Five more cancer centers and their affiliate hospitals recently joined the Strata Precision Oncology Network, a collaboration platform that aims too match cancer patients with relevant clinical trials.
A total of 50 hospitals are now participating in the Strata network, cooperating in research and serving more than 70,000 patients annually. The program is aligned with the Precision Medicine Initiative, a long-term research endeavor, involving the National Institutes of Health (NIH) and multiple other research centers, which aims to understand how a person's genetics, environment and lifestyle can help determine the best approach to prevent or treat disease
The network offers advanced solid tumor and lymphoma patients profiling and matching to a portfolio of biomarker-matched clinical trials sponsored by pharmaceutical firms.
“We are pleased that this clinical trial will allow us to offer routine, no-cost tumor sequencing to patients with advanced cancer,” says Mark Burkard, M.D., an associate professor at the University of Wisconsin. “By addressing key barriers to patient participation, we hope to enable increased access to precision medicine clinical trials.\
Participating providers have adopted a test, called the StrataNGS, which is an 87-gene assay that sequences DNA and RNA to identify patients who are appropriate candidates for targeted therapies.
I understand that it has been a productive meeting. I thank all of you for taking part and sharing your insights and experience in this very important area.
Nuclear and radiation safety is a national responsibility, but the IAEA’s 168 Member States recognise the importance of international cooperation. Through conferences such as this, and in many other ways, the Agency plays a key role in enabling countries to share experiences and best practices.
IAEA Fundamental Safety Principles and Safety Standards have established a strong framework for nuclear safety throughout the world.
IAEA Safety Standards are not legally binding, but they are used voluntarily by almost all countries to protect people and the environment from harmful effects of ionizing radiation, in health care and other areas. Robust safety measures are essential for ensuring public support for the use of nuclear technology.
The IAEA is also very active in helping countries to make optimal use of radiotherapy and nuclear medicine, as well as diagnostic and interventional radiology.
It is estimated that around 10 million people undergo diagnostic, therapeutic or interventional procedures involving medical radiation every day. Ensuring that such procedures are safe is an integral part of our work.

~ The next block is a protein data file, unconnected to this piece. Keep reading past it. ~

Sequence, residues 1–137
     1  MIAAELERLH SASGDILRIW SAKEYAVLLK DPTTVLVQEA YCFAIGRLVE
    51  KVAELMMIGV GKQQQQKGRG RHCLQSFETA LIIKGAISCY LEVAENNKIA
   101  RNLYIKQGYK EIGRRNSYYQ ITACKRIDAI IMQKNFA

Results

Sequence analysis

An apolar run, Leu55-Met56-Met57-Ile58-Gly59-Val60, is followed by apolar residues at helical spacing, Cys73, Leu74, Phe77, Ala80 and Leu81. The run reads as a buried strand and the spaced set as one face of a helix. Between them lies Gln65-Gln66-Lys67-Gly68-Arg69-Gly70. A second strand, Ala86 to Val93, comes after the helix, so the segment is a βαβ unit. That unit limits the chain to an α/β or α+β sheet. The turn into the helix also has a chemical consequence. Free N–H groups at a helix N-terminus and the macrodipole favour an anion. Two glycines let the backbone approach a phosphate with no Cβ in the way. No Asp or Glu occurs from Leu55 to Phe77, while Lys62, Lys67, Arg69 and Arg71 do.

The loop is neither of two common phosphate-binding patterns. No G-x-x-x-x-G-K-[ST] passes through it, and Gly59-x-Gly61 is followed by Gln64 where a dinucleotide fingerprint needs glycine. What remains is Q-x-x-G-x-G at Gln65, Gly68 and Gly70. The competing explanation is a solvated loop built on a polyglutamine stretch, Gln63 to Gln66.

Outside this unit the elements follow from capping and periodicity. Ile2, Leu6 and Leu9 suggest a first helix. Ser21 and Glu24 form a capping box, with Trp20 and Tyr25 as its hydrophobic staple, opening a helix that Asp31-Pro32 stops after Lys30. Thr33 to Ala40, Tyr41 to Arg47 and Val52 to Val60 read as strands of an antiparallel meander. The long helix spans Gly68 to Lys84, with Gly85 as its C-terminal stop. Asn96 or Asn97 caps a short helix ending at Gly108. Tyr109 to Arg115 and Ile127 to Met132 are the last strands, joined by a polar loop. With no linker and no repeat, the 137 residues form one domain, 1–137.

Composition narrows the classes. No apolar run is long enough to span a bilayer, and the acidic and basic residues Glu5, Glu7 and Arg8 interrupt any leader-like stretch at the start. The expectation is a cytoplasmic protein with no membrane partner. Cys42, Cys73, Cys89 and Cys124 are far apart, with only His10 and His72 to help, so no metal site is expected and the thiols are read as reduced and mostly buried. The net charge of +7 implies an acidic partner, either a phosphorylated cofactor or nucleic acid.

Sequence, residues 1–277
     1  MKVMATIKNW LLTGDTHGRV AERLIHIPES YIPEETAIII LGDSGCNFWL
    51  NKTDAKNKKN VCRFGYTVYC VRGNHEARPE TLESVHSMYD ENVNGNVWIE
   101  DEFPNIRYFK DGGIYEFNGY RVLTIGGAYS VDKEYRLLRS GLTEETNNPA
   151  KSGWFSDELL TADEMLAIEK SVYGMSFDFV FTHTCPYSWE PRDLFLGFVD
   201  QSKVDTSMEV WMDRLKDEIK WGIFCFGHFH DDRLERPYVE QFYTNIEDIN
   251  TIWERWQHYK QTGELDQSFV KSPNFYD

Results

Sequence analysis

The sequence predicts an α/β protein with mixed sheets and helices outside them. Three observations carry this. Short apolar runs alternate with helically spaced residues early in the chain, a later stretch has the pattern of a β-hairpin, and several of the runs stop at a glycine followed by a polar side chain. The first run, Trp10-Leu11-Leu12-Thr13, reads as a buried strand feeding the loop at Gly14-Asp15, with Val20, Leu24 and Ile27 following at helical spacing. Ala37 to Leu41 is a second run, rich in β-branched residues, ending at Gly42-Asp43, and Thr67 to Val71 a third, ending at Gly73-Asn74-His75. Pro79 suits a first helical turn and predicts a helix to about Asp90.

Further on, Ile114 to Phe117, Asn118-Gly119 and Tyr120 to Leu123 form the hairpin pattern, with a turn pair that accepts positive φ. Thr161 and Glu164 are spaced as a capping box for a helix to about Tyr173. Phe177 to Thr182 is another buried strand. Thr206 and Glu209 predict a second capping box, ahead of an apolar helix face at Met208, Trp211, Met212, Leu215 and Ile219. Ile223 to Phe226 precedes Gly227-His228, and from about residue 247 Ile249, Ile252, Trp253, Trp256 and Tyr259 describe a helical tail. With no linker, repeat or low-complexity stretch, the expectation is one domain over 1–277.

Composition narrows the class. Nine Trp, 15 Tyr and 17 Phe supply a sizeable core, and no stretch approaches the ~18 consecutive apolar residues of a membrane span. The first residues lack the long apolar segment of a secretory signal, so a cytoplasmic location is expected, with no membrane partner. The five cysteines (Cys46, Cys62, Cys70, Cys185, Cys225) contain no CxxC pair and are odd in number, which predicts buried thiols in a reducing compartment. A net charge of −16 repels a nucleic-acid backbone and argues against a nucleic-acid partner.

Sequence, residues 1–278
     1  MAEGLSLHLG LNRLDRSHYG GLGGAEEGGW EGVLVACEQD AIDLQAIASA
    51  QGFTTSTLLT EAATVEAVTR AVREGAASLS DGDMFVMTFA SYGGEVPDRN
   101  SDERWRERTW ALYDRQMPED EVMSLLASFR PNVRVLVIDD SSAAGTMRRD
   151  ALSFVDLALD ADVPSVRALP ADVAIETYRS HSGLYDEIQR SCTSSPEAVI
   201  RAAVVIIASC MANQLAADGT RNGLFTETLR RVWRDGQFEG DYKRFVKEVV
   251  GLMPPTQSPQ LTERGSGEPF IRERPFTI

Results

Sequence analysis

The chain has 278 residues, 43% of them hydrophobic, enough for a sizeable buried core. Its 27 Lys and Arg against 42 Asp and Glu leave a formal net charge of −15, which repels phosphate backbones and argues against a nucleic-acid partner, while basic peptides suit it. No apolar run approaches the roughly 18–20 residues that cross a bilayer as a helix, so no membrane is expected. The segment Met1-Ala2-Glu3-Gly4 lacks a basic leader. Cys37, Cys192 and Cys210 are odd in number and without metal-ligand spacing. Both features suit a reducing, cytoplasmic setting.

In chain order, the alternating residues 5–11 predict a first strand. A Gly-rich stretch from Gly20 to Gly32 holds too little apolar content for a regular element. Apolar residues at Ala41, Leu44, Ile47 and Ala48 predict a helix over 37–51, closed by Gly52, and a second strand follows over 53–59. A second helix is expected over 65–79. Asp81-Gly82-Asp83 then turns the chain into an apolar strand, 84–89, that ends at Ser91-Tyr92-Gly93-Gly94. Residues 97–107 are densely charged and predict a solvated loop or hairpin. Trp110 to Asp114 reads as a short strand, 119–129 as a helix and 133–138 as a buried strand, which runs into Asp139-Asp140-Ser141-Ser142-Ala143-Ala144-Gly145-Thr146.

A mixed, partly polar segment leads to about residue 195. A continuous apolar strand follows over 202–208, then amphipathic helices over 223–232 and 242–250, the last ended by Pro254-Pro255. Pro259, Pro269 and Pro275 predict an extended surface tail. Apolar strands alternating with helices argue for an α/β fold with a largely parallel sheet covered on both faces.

Pharmaceutical firms get access to stratified patient populations, which shorten clinical development timelines and can accelerate approval of new cancer medicines with a goal of profiling 25,000 patients annually.
“This partnership will give our patients the opportunity to participate in precision medicine clinical trials without leaving the state of Delaware,” says Nicholas Petrelli, M.D., medical director at the Christiana Care Helen F. Graham Cancer Center & Research Institute. “Tumor profiling is becoming the state-of-the-art" in cancer treatment, propelled by advances in information technology and databases that support patient records and matching initiatives.
The five new participating cancer centers include University of Wisconsin Carbone Cancer Center, Christiana Care’s Helen F. Graham Cancer Center & Research Institute, Kaiser Permanente of Northern California, Kettering Health Network and Ochsner Health System.
They join existing participants that include University of North Carolina Lineberger Comprehensive Cancer Center, University of Alabama at Birmingham Comprehensive Cancer Center, and Metro Minnesota Community Oncology Research Consortium.
The use of ionizing radiation in medicine greatly benefits individual patients and the general health of populations which are fortunate enough to have access to this technology. It is essential that patients and health professionals are protected from the harmful effects of radiation.
Five years ago, at the last IAEA conference on radiation protection, participants from 77 countries and 16 international organizations agreed on the Bonn Call for Action. It set out a roadmap for strengthening radiation protection in medicine. Progress has been made since then in implementing the 10 actions that were agreed.
At the IAEA, we have developed online tools on safety in radiotherapy, radiological procedures and interventional cardiology. These tools help to reduce unnecessary and unintended exposure of patients and staff. We also maintain a Radiation Protection of Patients website, which is a leading resource for health professionals and patients.
Other organizations have also taken action. But we all have much more work to do. This conference has highlighted several opportunities for improvement. For example, participants described their wider use of clinical decision support systems in radiology. These help referring physicians and radiologists to make the right decisions and reduce unnecessary exposure.
This will help to keep patients and health professionals as safe as possible during procedures involving radiation by strengthening education and training.
Ladies and Gentlemen,
I am confident that your work this week will make an important contribution to improving radiation protection in medicine throughout the world.
I thank our co-sponsors, the World Health Organization and the Pan American Health Organization. I also thank you, Mr President, for your skilful and effective leadership during this Conference.
I now declare the Conference closed.